Authors
Nicolas, A; Petes, TD
MLA Citation
Nicolas, A, and Petes, TD. "Polarity of meiotic gene conversion in fungi: contrasting views." Experientia 50.3 (March 15, 1994): 242-252. (Review)
PMID
8143798
Source
pubmed
Published In
Experientia
Volume
50
Issue
3
Publish Date
1994
Start Page
242
End Page
252

Instability of simple sequence repeats in a mammalian cell line.

Short tandem repeat sequences in the mammalian genome are considered to be unstable, since many of them are polymorphic in length; however, the extent of this instability has been difficult to quantitate. We have directly determined the rate of mutation of a simple sequence repeat in a mammalian cell line. A plasmid containing a dinucleotide repeat [poly(CA/GT)] that disrupts the reading frame of a downstream gene was integrated into the genome of a mouse cell line, and spontaneous revertants were selected. Reversion rates were more than 100 times higher in cells carrying the repeated sequence than in control cells that carried the same fusion gene with a 4-bp out-of-frame deletion. Revertant clones derived from the lines carrying the dinucleotide repeat had insertions or deletions of one or more repeat units.

Authors
Farber, RA; Petes, TD; Dominska, M; Hudgens, SS; Liskay, RM
MLA Citation
Farber, RA, Petes, TD, Dominska, M, Hudgens, SS, and Liskay, RM. "Instability of simple sequence repeats in a mammalian cell line." Hum Mol Genet 3.2 (February 1994): 253-256.
PMID
8004091
Source
pubmed
Published In
Human Molecular Genetics
Volume
3
Issue
2
Publish Date
1994
Start Page
253
End Page
256

Erratum: Destabilization of tracts of simple repetitive DNA in yeast by mutations affecting DNA mismatch repair (Nature 365, 274-276 (1993))

Authors
Strand, M; Prolla, TA; Liskay, RM; Petes, TD
MLA Citation
Strand, M, Prolla, TA, Liskay, RM, and Petes, TD. "Erratum: Destabilization of tracts of simple repetitive DNA in yeast by mutations affecting DNA mismatch repair (Nature 365, 274-276 (1993))." Nature 368.6471 (1994): 569--.
Source
scival
Published In
Nature
Volume
368
Issue
6471
Publish Date
1994
Start Page
569-
DOI
10.1038/368569a0

Destabilization of tracts of simple repetitive DNA in yeast by mutations affecting DNA mismatch repair.

The genomes of all eukaryotes contain tracts of DNA in which a single base or a small number of bases is repeated. Expansions of such tracts have been associated with several human disorders including the fragile X syndrome. In addition, simple repeats are unstable in certain forms of colorectal cancer, suggesting a defect in DNA replication or repair. We show here that mutations in any three yeast genes involved in DNA mismatch repair (PMS1, MLH1 and MSH2) lead to 100- to 700-fold increases in tract instability, whereas mutations that eliminate the proof-reading function of DNA polymerases have little effect. The meiotic stability of the tracts is similar to the mitotic stability. These results suggest that tract instability is associated with DNA polymerases slipping during replication, and that some types of colorectal cancer may reflect mutations in genes involved in DNA mismatch repair.

Authors
Strand, M; Prolla, TA; Liskay, RM; Petes, TD
MLA Citation
Strand, M, Prolla, TA, Liskay, RM, and Petes, TD. "Destabilization of tracts of simple repetitive DNA in yeast by mutations affecting DNA mismatch repair." Nature 365.6443 (September 16, 1993): 274-276.
PMID
8371783
Source
pubmed
Published In
Nature
Volume
365
Issue
6443
Publish Date
1993
Start Page
274
End Page
276
DOI
10.1038/365274a0

INSTABILITY OF MICROSATELLITE SEQUENCES IN CULTURED-CELLS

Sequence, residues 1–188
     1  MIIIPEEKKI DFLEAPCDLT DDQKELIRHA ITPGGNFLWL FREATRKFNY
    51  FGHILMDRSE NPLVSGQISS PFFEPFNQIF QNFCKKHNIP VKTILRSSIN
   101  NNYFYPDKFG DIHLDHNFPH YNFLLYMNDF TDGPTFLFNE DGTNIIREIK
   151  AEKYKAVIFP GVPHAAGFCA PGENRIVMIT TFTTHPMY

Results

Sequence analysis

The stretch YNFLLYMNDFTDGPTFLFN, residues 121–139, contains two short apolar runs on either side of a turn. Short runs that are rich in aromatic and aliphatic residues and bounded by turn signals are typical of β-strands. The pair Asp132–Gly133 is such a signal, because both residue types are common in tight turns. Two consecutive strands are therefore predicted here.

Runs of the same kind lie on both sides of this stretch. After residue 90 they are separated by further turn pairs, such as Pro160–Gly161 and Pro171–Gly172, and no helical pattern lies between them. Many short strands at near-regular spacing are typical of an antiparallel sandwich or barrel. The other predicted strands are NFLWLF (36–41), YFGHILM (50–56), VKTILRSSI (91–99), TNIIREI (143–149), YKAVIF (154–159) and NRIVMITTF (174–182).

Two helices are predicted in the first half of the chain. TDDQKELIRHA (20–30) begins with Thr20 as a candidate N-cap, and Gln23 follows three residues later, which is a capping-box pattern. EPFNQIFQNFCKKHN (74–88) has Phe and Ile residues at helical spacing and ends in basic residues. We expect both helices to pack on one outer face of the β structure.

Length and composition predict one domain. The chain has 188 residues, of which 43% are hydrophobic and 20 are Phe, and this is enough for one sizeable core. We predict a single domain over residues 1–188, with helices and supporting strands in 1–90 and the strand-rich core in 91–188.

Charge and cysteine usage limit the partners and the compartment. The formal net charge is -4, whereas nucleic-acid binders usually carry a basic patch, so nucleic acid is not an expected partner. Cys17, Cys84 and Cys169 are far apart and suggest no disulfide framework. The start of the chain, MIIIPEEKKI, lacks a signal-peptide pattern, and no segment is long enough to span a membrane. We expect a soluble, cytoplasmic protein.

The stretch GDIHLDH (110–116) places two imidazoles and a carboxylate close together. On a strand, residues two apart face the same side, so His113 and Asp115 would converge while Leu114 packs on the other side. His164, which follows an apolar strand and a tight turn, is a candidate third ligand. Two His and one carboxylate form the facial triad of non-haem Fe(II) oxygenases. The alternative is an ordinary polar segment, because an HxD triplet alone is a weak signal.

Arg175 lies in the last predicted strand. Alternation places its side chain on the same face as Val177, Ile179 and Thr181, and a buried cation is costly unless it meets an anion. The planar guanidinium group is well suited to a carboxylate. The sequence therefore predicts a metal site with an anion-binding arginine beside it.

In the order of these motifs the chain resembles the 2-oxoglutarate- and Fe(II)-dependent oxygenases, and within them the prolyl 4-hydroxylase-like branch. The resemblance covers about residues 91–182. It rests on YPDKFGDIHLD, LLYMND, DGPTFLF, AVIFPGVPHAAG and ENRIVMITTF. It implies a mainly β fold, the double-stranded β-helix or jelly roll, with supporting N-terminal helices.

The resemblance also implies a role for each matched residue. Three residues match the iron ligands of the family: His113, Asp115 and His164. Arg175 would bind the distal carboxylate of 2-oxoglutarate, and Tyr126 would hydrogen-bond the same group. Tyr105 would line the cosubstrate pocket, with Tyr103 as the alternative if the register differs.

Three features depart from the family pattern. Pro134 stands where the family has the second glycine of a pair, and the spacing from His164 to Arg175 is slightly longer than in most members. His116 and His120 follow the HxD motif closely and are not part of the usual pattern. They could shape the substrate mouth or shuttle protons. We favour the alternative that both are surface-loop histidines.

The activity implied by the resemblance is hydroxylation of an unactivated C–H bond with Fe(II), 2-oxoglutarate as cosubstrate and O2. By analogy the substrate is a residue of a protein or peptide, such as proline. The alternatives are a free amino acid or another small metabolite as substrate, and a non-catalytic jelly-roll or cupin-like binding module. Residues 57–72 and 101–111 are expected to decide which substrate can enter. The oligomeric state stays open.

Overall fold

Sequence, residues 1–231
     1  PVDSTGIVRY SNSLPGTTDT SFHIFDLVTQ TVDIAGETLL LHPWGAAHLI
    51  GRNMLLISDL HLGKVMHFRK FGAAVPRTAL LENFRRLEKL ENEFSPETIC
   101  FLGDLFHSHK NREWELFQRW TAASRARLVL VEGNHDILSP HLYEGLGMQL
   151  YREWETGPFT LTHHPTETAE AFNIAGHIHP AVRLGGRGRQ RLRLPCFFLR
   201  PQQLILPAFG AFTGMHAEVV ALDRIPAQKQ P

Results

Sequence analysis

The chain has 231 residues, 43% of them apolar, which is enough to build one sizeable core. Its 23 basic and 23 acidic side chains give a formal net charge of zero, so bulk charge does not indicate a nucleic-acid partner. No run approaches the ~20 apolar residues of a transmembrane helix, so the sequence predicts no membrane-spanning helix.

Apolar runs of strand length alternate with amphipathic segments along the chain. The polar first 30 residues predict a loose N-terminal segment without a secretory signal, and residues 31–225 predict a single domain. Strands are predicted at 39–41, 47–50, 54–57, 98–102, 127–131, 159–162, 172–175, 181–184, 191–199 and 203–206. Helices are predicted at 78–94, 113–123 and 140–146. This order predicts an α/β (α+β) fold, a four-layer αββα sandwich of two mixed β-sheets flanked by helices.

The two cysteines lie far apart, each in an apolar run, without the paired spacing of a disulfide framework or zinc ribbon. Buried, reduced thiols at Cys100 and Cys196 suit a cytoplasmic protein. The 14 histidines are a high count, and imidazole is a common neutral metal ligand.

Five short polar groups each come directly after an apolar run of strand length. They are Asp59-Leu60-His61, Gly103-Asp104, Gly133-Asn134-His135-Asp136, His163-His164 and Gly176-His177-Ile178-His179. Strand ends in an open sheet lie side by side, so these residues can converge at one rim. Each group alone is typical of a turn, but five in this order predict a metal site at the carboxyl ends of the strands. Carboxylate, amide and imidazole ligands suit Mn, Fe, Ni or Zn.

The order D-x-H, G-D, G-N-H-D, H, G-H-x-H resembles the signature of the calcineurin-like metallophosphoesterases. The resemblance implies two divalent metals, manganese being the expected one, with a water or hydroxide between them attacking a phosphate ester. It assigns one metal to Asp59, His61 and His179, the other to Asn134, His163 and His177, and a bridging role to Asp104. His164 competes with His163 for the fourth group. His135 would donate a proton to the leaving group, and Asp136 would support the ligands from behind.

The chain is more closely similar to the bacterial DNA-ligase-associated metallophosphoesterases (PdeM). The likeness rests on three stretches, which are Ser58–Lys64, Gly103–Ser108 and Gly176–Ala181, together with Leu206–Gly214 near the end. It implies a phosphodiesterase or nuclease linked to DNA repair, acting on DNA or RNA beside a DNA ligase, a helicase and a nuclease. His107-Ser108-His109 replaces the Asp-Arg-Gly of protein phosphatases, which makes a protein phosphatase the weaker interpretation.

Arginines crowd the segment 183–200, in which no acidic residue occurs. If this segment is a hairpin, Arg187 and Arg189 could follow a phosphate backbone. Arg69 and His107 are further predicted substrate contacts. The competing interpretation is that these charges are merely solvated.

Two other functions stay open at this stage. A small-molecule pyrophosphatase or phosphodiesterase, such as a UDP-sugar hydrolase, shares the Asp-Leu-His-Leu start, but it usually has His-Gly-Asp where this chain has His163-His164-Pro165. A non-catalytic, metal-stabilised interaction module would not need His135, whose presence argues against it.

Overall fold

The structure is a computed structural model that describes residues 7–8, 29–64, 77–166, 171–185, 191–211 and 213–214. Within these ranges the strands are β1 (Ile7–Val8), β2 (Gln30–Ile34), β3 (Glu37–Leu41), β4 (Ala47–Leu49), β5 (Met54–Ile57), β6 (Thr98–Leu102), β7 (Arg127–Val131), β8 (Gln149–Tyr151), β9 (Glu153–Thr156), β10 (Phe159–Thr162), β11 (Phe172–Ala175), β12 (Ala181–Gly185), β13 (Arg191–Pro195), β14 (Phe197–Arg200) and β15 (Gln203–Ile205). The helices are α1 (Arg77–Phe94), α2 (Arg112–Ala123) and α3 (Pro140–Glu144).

Authors
FARBER, RA; PETES, TD; DOMINSKA, M; HUDGENS, SS; LISKAY, RM
MLA Citation
FARBER, RA, PETES, TD, DOMINSKA, M, HUDGENS, SS, and LISKAY, RM. "INSTABILITY OF MICROSATELLITE SEQUENCES IN CULTURED-CELLS." AMERICAN JOURNAL OF HUMAN GENETICS 53.3 (September 1993): 21-21.
Source
wos-lite
Published In
The American Journal of Human Genetics
Volume
53
Issue
3
Publish Date
1993
Start Page
21
End Page
21

Transcription factors are required for the meiotic recombination hotspot at the HIS4 locus in Saccharomyces cerevisiae.

The full activity of a recombination initiation site located 5' of HIS4 requires the binding of the transcription factors RAP1, BAS1, and BAS2. Two RAP1 binding sites can substitute for the wild-type initiation site. A 51-bp region of telomeric DNA inserted upstream of either HIS4 or ARG4 very strongly stimulates recombination. We suggest that the ability of transcription factors to induce recombination is a consequence of an altered chromatin structure that favors the entry of proteins that initiate recombination, rather than an effect of these factors on transcription.

Authors
White, MA; Dominska, M; Petes, TD
MLA Citation
White, MA, Dominska, M, and Petes, TD. "Transcription factors are required for the meiotic recombination hotspot at the HIS4 locus in Saccharomyces cerevisiae." Proc Natl Acad Sci U S A 90.14 (July 15, 1993): 6621-6625.
PMID
8341678
Source
pubmed
Published In
Proceedings of the National Academy of Sciences of USA
Volume
90
Issue
14
Publish Date
1993
Start Page
6621
End Page
6625

Instability of a plasmid-borne inverted repeat in Saccharomyces cerevisiae.

Inverted repeated DNA sequences are common in both prokaryotes and eukaryotes. We found that a plasmid-borne 94 base-pair inverted repeat (a perfect palindrome of 47 bp) containing a poly GT sequence is unstable in S. cerevisiae, with a minimal deletion frequency of about 10(-4)/mitotic division. Ten independent deletions had identical end points. Sequence analysis indicated that all deletions were the result of a DNA polymerase slippage event (or a recombination event) involving a 5-bp repeat (5' CGACG 3') that flanked the inverted repeat. The deletion rate and the types of deletions were unaffected by the rad52 mutation. Strains with the pms1 mutation had a 10-fold elevated frequency of instability of the inverted repeat. The types of sequence alterations observed in the pms1 background, however, were different than those seen in either the wild-type or rad52 genetic backgrounds.